Here we go again, with some more summer lovelies lined up for you!
The Flaming Lips are one of the most innovative – or weird, take your pick! – outfits out there, and King’s Mouth: Music And Songs sees them once again treading uncharted territory. The 12 originals on this album are threaded together by cinematic narration courtesy of The Clash’s Mick Jones. Additionally, the music parallels front-man Wayne Coyne’s immersive art installation of the same name.
Freya Ridings explores themes of doubt, pain, regret and vulnerability on her self-titled debut album, within songs of alchemical incandescence. Freya’s extraordinary, vibrato-rich voice elevates these songs into greatness – she has a vocal gift that’s undoubtedly one of the most powerful voices of her generation. Underpinning her world-class credentials as a songwriter, Freya wrote or co-wrote all of the eleven songs that feature on the album. In an era in which hits are so often written by committee, ‘Lost Without You’ saw Freya become the first female artist to have an entirely self-penned Top 10 hit since Kate Bush’s ‘Running Up That Hill’ returned to the charts in 2012.
To mark the 50th anniversary of the Apollo 11 spaceflight and moon landing in July 1969, Brian Eno, Daniel Lanois & Roger Eno’s seminal ambient masterpiece Apollo – Atmospheres & Soundtracks is being reissued. Originally written as a score for director Al Reinert’s landmark feature-length documentary ‘For All Mankind’, the original album has been lovingly remastered by Abbey Road’s Miles Showell. It also comes with a whole disc of new music: 11 new instrumental compositions which reimagine the soundtrack to the film, marking the first time the three musicians have collaborated since the original sessions in 1983.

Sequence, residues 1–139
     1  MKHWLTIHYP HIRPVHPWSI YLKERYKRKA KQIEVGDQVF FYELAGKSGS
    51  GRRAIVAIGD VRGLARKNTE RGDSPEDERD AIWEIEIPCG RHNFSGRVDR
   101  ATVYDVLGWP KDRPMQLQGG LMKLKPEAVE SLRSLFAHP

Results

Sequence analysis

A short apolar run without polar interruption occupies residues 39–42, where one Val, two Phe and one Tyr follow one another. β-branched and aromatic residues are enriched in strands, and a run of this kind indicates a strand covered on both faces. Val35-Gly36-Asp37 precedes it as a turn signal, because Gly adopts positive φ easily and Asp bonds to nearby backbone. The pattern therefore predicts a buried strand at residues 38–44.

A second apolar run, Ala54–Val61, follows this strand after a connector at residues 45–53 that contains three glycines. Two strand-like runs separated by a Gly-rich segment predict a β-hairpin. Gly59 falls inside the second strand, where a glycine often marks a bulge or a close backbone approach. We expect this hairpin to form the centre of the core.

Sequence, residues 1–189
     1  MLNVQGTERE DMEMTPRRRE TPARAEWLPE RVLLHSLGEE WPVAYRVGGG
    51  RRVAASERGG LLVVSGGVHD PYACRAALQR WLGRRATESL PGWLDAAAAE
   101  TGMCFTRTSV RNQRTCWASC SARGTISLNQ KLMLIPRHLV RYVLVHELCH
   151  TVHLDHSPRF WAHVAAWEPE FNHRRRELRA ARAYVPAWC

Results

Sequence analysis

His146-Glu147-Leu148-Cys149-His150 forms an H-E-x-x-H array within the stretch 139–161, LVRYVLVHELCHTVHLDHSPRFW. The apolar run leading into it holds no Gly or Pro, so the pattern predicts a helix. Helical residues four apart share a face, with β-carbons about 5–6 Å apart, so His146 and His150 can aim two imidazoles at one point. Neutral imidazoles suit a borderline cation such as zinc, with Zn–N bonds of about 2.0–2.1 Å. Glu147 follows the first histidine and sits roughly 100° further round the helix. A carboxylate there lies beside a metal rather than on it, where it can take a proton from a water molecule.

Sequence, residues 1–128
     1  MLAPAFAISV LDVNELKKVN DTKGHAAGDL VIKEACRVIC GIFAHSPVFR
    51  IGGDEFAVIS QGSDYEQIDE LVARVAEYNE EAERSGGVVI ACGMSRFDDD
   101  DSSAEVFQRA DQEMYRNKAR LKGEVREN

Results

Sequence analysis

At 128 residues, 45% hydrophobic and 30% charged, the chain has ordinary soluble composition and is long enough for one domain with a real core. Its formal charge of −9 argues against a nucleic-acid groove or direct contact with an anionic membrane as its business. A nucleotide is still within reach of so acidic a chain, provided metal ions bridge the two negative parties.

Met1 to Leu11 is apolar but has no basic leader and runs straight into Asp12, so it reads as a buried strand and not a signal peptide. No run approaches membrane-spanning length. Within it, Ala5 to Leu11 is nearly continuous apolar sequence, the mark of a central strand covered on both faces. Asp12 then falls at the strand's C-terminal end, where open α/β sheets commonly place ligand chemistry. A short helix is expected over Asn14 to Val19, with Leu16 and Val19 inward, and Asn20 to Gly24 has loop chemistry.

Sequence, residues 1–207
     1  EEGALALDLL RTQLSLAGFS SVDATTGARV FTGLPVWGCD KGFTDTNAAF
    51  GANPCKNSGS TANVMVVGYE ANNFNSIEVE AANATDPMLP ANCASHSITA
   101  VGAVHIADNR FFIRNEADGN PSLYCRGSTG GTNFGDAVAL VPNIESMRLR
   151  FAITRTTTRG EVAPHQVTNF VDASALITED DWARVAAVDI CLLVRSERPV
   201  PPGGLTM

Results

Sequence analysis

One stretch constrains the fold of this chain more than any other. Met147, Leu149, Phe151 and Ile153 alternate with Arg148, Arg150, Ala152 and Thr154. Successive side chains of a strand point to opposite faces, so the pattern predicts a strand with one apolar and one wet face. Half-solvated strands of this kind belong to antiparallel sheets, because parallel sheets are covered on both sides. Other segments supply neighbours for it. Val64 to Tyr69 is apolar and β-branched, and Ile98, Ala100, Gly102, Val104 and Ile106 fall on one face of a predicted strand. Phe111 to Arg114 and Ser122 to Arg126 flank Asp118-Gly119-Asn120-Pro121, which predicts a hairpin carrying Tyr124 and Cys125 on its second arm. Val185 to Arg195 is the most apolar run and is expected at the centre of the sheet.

Order In Decline is the seventh studio album by Canadian pop-punk band Sum 41. The album is a follow-up to 2016’s 13 Voices and marks the first appearance by guitarist Dave Baksh since his departure from the band in 2006.
Our album of the week is Thom Yorke’s third solo album, Anima, the first of his solo works to feel truly complete without his band behind him. It floats through the uneasy space between societal turmoil and internal monologue. If glitchy dark electronica is your thing, you will love this.
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